You forget Al Capone (none / 0) (#178)
    by pagerd on Thu Apr 10, 2008 at 04:00:34 PM EST
    If they think of Chicago, they think of gangsters.



    It's not about being "jerks"... (5.00 / 9) (#55)
    by gmo on Thu Apr 10, 2008 at 02:14:05 AM EST
    ...it's about exposing a pattern of behavior that's unacceptable for someone running to be the leader of the free world.  

    What's infuriating about Obama.is that this has been his m.o. throughout his entire campaign.  He basically just wants to be a more likeable, more electable Hillary Clinton, except for the fact that he doesn't touch her level of experience, knowledge and leadership.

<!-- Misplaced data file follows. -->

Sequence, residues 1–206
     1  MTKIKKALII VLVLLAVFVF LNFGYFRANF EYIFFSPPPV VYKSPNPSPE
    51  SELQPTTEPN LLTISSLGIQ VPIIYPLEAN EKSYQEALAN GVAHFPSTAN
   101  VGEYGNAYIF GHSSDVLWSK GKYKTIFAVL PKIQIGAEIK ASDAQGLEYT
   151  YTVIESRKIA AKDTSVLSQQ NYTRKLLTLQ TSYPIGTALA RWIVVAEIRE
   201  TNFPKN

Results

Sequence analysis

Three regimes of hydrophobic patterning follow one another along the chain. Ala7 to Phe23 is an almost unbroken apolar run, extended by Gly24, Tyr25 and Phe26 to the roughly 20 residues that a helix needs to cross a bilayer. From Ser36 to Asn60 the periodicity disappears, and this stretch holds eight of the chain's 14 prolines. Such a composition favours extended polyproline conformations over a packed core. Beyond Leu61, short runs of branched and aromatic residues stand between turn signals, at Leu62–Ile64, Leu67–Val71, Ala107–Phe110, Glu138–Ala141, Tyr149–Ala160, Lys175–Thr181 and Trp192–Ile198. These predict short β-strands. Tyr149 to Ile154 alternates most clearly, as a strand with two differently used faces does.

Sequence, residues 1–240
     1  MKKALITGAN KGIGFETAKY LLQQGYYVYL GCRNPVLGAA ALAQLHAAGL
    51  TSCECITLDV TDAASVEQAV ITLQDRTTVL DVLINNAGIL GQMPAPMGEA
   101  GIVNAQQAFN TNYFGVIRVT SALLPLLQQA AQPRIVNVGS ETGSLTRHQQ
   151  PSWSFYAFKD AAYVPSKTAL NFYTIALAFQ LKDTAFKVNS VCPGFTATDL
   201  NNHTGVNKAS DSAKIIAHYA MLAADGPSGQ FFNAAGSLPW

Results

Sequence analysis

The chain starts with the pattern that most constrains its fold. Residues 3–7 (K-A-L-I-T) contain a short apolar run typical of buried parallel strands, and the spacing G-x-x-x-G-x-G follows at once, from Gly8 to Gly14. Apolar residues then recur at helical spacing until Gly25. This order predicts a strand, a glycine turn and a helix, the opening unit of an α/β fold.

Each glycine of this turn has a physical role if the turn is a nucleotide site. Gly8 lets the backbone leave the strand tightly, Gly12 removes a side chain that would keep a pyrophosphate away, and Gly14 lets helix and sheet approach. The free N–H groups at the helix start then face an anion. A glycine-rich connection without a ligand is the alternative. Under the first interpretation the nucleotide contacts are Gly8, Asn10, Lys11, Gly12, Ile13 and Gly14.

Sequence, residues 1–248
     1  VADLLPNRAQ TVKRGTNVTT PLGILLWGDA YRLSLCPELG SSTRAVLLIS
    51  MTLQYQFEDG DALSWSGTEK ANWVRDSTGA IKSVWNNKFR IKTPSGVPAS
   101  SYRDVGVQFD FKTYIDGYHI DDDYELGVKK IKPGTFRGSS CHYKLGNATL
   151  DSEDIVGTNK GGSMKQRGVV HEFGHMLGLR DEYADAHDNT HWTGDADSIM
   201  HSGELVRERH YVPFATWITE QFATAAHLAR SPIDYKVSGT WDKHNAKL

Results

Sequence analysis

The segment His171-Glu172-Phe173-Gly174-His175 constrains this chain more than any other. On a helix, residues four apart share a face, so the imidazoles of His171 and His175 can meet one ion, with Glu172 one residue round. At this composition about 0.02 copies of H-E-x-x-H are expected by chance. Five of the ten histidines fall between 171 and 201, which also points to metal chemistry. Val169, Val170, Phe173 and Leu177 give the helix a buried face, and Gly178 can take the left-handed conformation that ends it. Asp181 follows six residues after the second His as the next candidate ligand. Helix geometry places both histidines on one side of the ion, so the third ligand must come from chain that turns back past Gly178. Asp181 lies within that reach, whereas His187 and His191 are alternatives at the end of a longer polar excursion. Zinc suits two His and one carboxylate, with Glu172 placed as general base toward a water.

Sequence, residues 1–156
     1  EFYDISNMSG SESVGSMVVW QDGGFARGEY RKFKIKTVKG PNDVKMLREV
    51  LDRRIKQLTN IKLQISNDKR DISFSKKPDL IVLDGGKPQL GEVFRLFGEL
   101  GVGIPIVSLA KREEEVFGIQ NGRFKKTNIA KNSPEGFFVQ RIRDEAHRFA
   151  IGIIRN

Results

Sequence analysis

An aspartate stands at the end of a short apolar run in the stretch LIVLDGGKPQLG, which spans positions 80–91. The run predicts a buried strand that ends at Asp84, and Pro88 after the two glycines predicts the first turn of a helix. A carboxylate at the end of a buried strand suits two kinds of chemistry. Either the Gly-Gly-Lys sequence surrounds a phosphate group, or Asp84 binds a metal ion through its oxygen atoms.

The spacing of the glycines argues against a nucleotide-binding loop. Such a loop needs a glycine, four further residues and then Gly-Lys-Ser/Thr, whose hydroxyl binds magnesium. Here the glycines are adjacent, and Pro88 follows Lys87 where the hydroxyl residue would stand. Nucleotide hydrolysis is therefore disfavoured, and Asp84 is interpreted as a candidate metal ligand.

If you look at his platform, he's done everything he can to emulate her entirely, basically say "we are 95% the same, but you like me better, right?"   She comes out with an economic plan? Boom - there's his me-too plan.  She proposes solutions for homeowners in trouble? Boom - there's his me too plan, exactly like hers.  

    And the 5% that they aren't alike on?  Those are the pieces Obama's cherry-picked out of Clinton's policies because they're not as popular, and would require real leadership to enact, regardless of whether that 5% actually matters.